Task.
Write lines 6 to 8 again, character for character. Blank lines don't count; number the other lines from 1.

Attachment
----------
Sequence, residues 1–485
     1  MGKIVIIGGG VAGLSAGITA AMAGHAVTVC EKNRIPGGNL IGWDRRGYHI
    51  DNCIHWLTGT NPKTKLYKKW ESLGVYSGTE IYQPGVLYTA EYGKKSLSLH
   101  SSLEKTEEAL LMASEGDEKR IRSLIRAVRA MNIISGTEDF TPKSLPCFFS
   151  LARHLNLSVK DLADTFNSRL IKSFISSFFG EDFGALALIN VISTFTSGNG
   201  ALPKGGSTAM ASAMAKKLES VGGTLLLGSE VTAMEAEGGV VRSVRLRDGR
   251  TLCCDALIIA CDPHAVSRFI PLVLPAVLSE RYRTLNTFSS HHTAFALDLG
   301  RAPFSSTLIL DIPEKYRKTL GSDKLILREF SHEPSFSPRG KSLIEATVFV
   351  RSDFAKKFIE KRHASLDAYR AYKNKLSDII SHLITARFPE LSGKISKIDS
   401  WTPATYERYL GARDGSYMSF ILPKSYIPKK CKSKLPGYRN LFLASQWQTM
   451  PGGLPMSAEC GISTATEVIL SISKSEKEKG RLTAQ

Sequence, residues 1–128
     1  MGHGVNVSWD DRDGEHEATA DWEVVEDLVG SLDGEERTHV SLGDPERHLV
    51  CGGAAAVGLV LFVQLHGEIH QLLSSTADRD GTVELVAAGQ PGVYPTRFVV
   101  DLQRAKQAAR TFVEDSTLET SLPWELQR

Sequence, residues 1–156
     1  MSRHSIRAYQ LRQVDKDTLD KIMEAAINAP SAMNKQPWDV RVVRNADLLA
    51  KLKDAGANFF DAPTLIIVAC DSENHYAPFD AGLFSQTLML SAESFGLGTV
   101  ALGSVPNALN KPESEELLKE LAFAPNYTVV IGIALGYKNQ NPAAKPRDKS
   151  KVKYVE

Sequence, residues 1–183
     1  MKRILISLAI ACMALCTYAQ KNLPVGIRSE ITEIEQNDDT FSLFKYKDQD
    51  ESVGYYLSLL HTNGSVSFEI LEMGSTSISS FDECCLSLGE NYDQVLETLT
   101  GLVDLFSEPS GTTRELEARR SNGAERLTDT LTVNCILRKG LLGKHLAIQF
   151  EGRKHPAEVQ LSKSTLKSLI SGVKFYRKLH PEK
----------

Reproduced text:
   201  ALPKGGSTAM ASAMAKKLES VGGTLLLGSE VTAMEAEGGV VRSVRLRDGR
   251  TLCCDALIIA CDPHAVSRFI PLVLPAVLSE RYRTLNTFSS HHTAFALDLG
   301  RAPFSSTLIL DIPEKYRKTL GSDKLILREF SHEPSFSPRG KSLIEATVFV